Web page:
My mom is 93 and her signs of old age are progressing rapidly. She has short term memory, confusion, etc. She started talking in her sleep a couple of months ago. Now it is an every night thing all through the night. There have been several occasions where she is sitting up in bed and totally confused.
Can this be a sign of early dementia or just old age progression. How do you tell the difference? Help!

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It's not just one symptom but a cluster of symptoms what characterizes Alzheimer's dementia. Have her tested with a neuropsychological test. But it seems that Alzheimer's appears to be obvious already.
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I would be very suspicious of dementia myself since you say she has short term memory issues and confusion while awake. That right there is a sign of dementia, so your mother should be tested right away with a mini cognizance exam ie: MoCA or SLUMS. "Just old age progression" does not present itself like this, but with mild memory problems that surface from time to time that do not interfere with everyday life. Now that she's having sleep disturbances (which is also a classic symptom of dementia), it's important you get her cognizance tested. She nor you can function like this, getting no sleep every night!

Here is a link to a helpful article from the Alzheimer's Association: Just Forgetful, Or Is It Dementia?

It never hurts to have a urine culture while you're at the doctor's office, either.

Wishing you the best of luck.
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She could have a UTI, which is very common in elderly women and not always has to do with hygiene but rather changes in our pH an physiology. I would do this first before requesting a cognitive exam because if she does have these symptoms from a UTI it will cause her cognitive exam to be inaccurate.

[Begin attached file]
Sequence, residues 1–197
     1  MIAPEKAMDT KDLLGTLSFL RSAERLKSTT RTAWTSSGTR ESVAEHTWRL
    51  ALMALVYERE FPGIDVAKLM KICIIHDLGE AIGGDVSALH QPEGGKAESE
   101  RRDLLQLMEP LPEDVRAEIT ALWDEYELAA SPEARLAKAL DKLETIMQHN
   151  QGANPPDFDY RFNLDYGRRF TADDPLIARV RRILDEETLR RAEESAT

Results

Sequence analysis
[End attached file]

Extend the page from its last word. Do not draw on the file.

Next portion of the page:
If she is negative for a UTI, there are other medical problems that can cause dementia-like symptoms, such as vitamin deficiency, high blood pressure, diabetes, stroke, tumor, thyroid issues, etc. She should have a thorough exam and when everything else is discounted given a cognitive exam so that you know where you stand in helping her with any other medical treatments in the future.

I'm hoping she has assigned a PoA. Once she has incapacity she will no longer be able to assign one. I wish you much success in helping her receive the proper diagnosis and treatment.
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Ladyd67 Apr 2022
Thank you for your feedback. I did think of this. I am her caregiver and my brother is her POA. I asked him to call her primary tomorrow and discuss this with her. I think we should take a urine sample and drop it off to the lab.
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